Nicotine addiction is a worldwide epidemic because nicotine is one of the most widely used addictive substances. It is linked to early death, typically in the form of heart or lung disease. A new vaccine conjugate against nicotine held within a DNA tetrahedron delivery system has been studied. For this purpose, several strands of DNA, conjugated with a modified dTpT having three or six carbon atom alkynyl linkers, have been synthesized. These strands have later been conjugated to three separate hapten small molecules to analyze which conjugates formed would be optimal for further testing in vivo.

Mitochondrial diseases are hard to treat, given that there are so many different variations to treat. There is no one compound that can treat all mitochondrial and neurodegenerative diseases; however, improvements can be made to compounds currently under study to improve the conditions of those afflicted. A significant issue leading to compounds failing in clinical trials is insufficient metabolic stability. Many compounds have good biological activity, but once introduced to an animal, are not stable enough to have any effect. Here, several synthesized compounds have been evaluated for metabolic stability, and several showed improved stability, while maintaining biological activity.

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Date Created
  • 2016

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Prosocial influences on nicotine reinforcement, reward, and neural signaling in rodent models

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Social influences are important determinants of drug initiation in humans, particularly during adolescence and early adulthood. My dissertation tested three hypotheses: 1) conditioned and unconditioned nicotine and social rewards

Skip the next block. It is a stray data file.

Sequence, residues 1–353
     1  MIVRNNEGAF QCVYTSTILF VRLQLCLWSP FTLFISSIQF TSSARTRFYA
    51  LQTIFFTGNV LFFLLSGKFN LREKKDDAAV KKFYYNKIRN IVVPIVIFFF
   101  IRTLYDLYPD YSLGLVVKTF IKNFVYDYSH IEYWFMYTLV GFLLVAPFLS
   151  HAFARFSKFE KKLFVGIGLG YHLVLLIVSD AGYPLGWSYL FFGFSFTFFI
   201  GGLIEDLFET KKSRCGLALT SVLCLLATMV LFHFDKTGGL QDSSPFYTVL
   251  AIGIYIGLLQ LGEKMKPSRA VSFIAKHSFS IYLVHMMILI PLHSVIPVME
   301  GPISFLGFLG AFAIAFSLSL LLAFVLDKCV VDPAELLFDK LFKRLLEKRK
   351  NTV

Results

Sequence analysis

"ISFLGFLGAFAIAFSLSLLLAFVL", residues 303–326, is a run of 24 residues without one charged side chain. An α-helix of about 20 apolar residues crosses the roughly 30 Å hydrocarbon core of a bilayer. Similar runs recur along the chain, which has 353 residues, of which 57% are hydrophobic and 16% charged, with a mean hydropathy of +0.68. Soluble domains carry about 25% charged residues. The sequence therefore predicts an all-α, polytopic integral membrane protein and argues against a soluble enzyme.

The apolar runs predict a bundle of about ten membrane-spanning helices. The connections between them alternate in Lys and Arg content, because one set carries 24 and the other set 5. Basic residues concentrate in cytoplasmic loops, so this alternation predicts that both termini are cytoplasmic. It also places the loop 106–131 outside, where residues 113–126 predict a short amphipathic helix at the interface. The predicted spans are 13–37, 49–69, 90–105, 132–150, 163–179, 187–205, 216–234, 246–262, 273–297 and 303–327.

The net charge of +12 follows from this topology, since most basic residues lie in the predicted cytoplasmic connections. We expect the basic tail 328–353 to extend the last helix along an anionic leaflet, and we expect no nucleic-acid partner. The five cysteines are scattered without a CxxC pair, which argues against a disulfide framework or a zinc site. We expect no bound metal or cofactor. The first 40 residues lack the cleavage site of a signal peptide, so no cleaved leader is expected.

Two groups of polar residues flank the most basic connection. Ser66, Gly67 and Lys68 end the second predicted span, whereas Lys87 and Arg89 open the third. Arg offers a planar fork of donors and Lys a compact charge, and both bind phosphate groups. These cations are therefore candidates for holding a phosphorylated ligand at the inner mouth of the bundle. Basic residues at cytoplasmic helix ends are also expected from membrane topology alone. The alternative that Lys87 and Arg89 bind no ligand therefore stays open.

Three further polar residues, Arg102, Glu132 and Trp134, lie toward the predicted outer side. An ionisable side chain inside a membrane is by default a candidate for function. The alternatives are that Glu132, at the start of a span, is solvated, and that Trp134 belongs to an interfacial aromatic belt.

Social influences are important determinants of drug initiation in humans, particularly during adolescence and early adulthood. My dissertation tested three hypotheses: 1) conditioned and unconditioned nicotine and social rewards elicit unique patterns of neural signaling in the corticolimbic neurocircuitry when presented in combination versus individually; 2) play behavior is not necessary for expression of social reward; and 3) social context enhances nicotine self-administration. To test the first hypothesis, Fos protein was measured in response to social and nicotine reward stimuli given alone or in combination and in response to environmental cues associated with the rewards in a conditioned place preference (CPP) test. Social-conditioned environmental stimuli attenuated Fos expression in the nucleus accumbens core. A social partner elevated Fos expression in the caudate-putamen, medial and central amygdala, and both nucleus accumbens subregions. Nicotine decreased Fos expression in the cingulate cortex, caudate-putamen, and the nucleus accumbens core. Both stimuli combined elevated Fos expression in the basolateral amygdala and ventral tegmental area, suggesting possible overlap in processing both rewards in these regions. I tested the second hypothesis with an apparatus containing compartments separated by a wire mesh barrier that allowed limited physical contact with a rat or object. While 2 pairings with a partner rat (full physical contact) produced robust CPP, additional pairings were needed for CPP with a partner behind a barrier or physical contact with an object (i.e., tennis ball). The results demonstrate that physical contact with a partner rat is not necessary to establish social-reward CPP. I tested the third hypothesis with duplex operant conditioning chambers separated either by a solid or a wire mesh barrier to allow for social interaction during self-administration sessions. Nicotine (0.015 and 0.03 mg/kg, IV) and saline self-administration were assessed in male and female young-adult rats either in the social context or isolation. Initially, a social context facilitated nicotine intake at the low dose in male rats, but suppressed intake in later sessions more strongly in female rats, suggesting that social factors exert strong sex-dependent influences on self-administration. These novel findings highlight the importance of social influences on several nicotine-related behavioral paradigms and associated neurocircuitry.